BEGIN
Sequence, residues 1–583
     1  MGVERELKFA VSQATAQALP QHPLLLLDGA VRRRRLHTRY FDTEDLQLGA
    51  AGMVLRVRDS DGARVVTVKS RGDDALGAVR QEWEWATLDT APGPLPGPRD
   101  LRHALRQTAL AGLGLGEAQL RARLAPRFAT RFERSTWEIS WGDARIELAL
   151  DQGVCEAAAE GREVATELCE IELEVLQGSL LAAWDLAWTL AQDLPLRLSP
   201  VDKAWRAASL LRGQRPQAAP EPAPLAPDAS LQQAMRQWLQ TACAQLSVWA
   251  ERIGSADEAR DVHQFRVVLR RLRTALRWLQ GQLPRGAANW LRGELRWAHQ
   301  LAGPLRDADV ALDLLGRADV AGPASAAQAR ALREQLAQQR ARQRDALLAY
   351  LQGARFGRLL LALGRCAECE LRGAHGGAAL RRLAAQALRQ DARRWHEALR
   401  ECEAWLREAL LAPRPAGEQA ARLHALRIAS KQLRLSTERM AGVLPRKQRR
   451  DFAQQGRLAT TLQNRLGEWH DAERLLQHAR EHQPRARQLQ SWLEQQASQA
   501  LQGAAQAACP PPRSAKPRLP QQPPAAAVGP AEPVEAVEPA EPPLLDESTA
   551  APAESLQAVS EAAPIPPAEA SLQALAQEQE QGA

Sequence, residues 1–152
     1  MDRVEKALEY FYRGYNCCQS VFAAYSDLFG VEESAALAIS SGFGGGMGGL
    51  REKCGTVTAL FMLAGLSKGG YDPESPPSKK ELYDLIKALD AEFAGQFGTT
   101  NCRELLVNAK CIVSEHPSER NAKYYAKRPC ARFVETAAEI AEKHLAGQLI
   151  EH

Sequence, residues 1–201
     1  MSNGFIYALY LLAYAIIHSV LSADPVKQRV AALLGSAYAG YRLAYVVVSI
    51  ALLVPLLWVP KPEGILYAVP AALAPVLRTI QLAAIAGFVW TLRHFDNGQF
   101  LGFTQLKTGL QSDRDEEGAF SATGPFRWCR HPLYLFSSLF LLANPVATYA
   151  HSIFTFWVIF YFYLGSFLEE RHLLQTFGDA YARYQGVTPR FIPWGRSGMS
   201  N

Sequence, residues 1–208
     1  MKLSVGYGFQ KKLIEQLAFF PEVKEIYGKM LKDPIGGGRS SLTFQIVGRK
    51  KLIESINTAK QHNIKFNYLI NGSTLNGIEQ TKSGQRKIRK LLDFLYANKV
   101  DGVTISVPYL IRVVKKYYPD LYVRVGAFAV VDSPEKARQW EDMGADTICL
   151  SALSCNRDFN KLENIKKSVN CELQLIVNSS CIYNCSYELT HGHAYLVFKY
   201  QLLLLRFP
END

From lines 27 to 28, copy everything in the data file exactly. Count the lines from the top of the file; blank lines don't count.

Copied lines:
    51  KLIESINTAK QHNIKFNYLI NGSTLNGIEQ TKSGQRKIRK LLDFLYANKV
   101  DGVTISVPYL IRVVKKYYPD LYVRVGAFAV VDSPEKARQW EDMGADTICL